Terry must go.

John Terry has to go.

1 – The role model thing
Generally speaking, I don’t buy into this. Decent behaviour ought to be a minimum requirement of all human beings, whatever their job or celebrity status, but I don’t expect professional footballers to set the moral tone for anyone and no amount of money obliges them to do so. Ditto for musicians, film stars and, yes, even politicians (so long as this last group stay away from the preachy stuff – shove ‘back to basics’ down our throats and you’re fair game).

Whenever I read a hack making claims as to how the behaviour of player X will influence our children, I ask myself if they even have the first clue why some kids dream of becoming professional footballers? It’s certainly got nothing to do with money, the women, the celebrity lifestyle enjoyed by the very best. It’s the game, stupid. The cheeky cockney urchins who idolise John Terry aren’t interested in what car he drives or where he buys his suits (they certainly don’t care where he gets his hair cut). He’s the captain of their team and recognised as one of the best there is at his job, and his job is playing football and that’s what these kids love. It’s really very uncomplicated.

I don’t know if the required stats have been gathered, but I’ll wager the kids who worshipped Gazza in the early nineties are not now displaying a disproportionate tendency to alcoholism. The parents who worry about the influence footballers have on their little darlings would do better to focus their attention on providing the moral guidance in the place kids ought to expect to receive it; in the home. If you are genuinely concerned that your little Jonny will grow up to be a womanizing drunk, then you must be doing a pretty shite job as a parent.

So why is it different this time? Simply put, Terry is England captain. In terms of his role model status, we’re no longer thinking about the children (some of us never were). As captain, he is our representative on the world stage, the guy who speaks at press conferences by the manager’s side, who leads the team out, who might even collect the big prize this summer. He would, ordinarily, be expected to play a pivotal role in England’s bid to host the World Cup in 2018. He can’t do any of this if he is a laughing stock. And whilst the chants will eventually die away (“Ashley, Watch your wife, Ashley, Ashley, Watch your wife!”), the stains (of which there are more than a few – see below) will remain.

2 – The track record
Terry’s has a record longer than John Dillinger.

On Sep 11th 2001, Chelsea were due to fly out to Bulgaria for a European match. The flight was cancelled and Terry and 3 other players spent the evening getting hammered in a Heathrow hotel where they abused and mocked stranded US travellers. They were fined by the club.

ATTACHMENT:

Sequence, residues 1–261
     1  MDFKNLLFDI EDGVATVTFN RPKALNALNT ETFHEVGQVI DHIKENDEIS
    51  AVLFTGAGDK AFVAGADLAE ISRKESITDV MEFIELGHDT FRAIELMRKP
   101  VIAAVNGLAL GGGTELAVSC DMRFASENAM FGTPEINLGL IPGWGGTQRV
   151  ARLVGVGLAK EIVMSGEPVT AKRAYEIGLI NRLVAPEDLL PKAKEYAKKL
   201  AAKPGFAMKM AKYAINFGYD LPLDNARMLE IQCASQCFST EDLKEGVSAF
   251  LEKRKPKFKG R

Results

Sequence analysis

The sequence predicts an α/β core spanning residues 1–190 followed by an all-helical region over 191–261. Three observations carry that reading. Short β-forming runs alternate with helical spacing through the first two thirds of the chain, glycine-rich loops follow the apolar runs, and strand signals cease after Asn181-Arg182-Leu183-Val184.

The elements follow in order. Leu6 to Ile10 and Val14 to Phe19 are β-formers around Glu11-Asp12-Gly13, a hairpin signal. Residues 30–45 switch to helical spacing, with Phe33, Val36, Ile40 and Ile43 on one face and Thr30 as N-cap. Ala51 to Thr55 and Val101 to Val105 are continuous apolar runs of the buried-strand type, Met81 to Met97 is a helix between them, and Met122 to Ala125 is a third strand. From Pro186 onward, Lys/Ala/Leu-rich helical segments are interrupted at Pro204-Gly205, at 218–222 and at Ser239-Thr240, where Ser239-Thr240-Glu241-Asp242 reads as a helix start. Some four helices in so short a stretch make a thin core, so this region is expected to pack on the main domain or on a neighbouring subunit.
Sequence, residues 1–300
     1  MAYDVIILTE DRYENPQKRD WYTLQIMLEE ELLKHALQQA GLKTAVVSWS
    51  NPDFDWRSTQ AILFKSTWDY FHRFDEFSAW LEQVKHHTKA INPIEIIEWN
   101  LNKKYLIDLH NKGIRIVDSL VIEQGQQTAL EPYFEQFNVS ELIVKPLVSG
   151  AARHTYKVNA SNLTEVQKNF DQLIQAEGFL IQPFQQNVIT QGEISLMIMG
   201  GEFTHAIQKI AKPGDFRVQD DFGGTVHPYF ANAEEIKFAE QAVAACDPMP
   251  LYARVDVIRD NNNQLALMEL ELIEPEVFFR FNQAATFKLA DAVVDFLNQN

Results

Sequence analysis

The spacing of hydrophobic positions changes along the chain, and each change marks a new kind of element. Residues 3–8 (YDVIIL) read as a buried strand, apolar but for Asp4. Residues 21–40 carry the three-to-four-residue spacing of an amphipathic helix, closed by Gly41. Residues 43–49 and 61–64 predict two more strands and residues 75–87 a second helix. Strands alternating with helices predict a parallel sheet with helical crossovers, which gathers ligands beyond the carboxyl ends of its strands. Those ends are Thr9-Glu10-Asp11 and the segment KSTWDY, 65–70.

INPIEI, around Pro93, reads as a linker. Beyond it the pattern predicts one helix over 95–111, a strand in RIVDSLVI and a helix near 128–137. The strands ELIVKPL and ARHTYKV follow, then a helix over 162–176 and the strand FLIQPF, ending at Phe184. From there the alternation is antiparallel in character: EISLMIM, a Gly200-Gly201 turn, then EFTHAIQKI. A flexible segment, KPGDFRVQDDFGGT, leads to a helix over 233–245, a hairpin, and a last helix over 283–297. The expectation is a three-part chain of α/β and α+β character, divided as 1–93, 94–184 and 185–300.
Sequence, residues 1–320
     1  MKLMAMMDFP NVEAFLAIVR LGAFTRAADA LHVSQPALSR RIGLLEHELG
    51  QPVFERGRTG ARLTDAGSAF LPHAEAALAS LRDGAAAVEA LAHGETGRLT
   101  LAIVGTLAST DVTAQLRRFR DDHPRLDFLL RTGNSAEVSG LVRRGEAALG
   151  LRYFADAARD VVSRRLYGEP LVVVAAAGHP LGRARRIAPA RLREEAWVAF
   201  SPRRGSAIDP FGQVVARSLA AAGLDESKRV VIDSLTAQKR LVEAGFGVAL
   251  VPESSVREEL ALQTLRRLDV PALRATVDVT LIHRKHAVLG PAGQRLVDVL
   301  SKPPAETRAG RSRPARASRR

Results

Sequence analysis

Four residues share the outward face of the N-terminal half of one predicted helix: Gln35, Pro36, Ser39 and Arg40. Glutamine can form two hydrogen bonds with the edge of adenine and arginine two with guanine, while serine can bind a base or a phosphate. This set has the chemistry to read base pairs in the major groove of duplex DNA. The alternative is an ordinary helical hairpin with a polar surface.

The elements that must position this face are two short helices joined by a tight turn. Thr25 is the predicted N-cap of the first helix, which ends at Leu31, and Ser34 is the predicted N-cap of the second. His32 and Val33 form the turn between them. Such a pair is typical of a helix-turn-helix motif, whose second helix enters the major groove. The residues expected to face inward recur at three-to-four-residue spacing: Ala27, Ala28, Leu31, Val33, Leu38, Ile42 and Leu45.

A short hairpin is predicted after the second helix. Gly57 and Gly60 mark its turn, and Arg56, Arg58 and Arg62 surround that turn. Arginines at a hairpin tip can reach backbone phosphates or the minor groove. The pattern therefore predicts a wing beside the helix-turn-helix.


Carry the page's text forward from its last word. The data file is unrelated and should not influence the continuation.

In February 2002 Terry was fit to burst after visiting the Time and Envy nightclubs in Romford, Essex. He told friends he needed the toilet but that an injured toe was bothering him – so whipped out his manhood, urinated into a beer glass and dropped it on the floor. Security staff saw the incident on CCTV and escorted the player off the premises.

Last December Terry was accused of taking £10,000 from undercover reporters in return for a private tour of Chelsea’s training ground.

And there’s the gambling, the string of sexual indiscretions and numerous car-related incidents. In another age, Terry wouldn’t have got within a 100 miles of the national team captaincy.

And now we discover that a couple of months back he knocked up his ex team-mate and good friend’s ex and paid for her to have an abortion. Whether Wayne Bridge and his former girlfriend had actually split before Terry began filling his boots we’ll probably never know for certain. But what would you think if you were Wayne Bridge?

3. The team harmony
Wayne Bridge is an England squad player. He’s not a cert for the plane to South Africa but now that he’s due to return from a two month lay-off, he’ll go close if he stays fit. It will be difficult enough with a squad that contains the cuckold and his cuckolder, but if Terry were relieved of the captaincy it would at least demonstrate that Bridge’s feelings on the matter were worth tuppence and would go some way to relieving the inevitable tension that will exist between the two camps. And you better believe there will be two camps. Bridge is, by all accounts, an extremely popular member of his club team and the England squad. With no sanction on Terry, it’s difficult to see how those players close to Bridge can maintain any semblance of respect for their captain. More to the point, why should they?

The role of England captain is as much ceremonial as it is anything to do with leading on the pitch. Leaders will lead without captains’ armbands and Terry is a leader. Assuming the problems above can be sorted, Terry should still go to South Africa and England will be better for his presence. Gerrard or Rooney or Ferdinand can walk out first, flick the coin and have their picture taken with the mascots. Terry can continue to snarl and rant and drive the team forward.

Terry is already extremely fortunate that this guy and this guy, better players both, were never able to stay fit for more than 17 minutes at a time. He’s had more caps than he ought to, although he developed into a far better player than I used to give him credit for. But his luck just ran out.

In more than one way, he just crossed a bridge.

Gene adds: It appears Brownie’s post has already got results.